Issue Date: November 23, 2015
Supersalty Water Boosts Battery Safety
Flammable solvents currently used in lithium-ion batteries, such as ethylene carbonate, can turn the devices into chemical volcanoes if they fail. Aqueous electrolytes are a safe alternative, but water breaks down at the voltages required by electric cars and other power hogs. That may change thanks to a team led by Liumin Suo and Chunsheng Wang from the University of Maryland, College Park, and Kang Xu from the Army Research Laboratory. To boost the stability of water in a battery, the team cranked up the concentration of the aqueous electrolyte (Science 2015, DOI: 10.1126/science.aab1595). Typical batteries use electrolytes with salt concentrations of about 6 M or less, Xu and Wang tell C&EN. They instead used lithium bis(trifluoromethane sulfonyl)imide solutions at better than 20 M. The salty solution roughly doubled water’s useful voltage range in batteries. In these concentrated electrolytes, the salt’s anions reduce before water starts breaking down electrochemically. A lithium fluoride film then forms at the anode, the team speculates, protecting against the decomposition of water at elevated voltages. This is the first report of such a protective barrier in a battery using aqueous chemistry, the team says.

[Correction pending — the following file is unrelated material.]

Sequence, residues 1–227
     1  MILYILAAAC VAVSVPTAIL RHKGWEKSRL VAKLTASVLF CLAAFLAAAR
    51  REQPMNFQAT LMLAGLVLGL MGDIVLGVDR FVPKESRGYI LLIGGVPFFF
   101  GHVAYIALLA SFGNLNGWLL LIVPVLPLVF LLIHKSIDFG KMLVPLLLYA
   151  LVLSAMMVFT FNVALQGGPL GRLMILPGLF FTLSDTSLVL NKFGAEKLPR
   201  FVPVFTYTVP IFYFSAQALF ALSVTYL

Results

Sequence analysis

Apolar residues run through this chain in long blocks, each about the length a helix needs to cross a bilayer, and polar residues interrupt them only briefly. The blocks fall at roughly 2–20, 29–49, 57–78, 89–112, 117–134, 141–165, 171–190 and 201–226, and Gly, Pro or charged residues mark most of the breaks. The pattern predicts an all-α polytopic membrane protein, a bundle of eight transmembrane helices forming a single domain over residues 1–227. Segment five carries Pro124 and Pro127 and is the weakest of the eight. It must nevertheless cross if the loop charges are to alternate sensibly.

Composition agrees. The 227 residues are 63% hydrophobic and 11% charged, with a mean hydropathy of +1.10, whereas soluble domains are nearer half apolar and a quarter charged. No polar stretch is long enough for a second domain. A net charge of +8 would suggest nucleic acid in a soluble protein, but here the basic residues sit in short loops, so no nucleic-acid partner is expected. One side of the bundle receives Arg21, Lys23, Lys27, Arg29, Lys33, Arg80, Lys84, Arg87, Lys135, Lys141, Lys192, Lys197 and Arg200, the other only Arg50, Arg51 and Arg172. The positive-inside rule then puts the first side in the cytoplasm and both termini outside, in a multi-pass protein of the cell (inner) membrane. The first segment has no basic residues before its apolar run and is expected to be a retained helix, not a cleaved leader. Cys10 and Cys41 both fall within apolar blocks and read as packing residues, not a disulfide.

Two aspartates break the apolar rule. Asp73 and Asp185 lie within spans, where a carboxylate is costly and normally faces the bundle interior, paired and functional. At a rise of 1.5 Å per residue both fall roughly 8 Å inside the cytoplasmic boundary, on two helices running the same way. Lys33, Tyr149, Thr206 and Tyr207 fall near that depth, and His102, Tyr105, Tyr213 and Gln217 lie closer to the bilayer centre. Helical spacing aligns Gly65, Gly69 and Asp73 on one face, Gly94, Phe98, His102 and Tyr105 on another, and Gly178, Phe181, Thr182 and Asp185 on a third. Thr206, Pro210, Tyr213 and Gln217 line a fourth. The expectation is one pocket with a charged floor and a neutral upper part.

- Chemical & Engineering News
- ISSN 0009-2347
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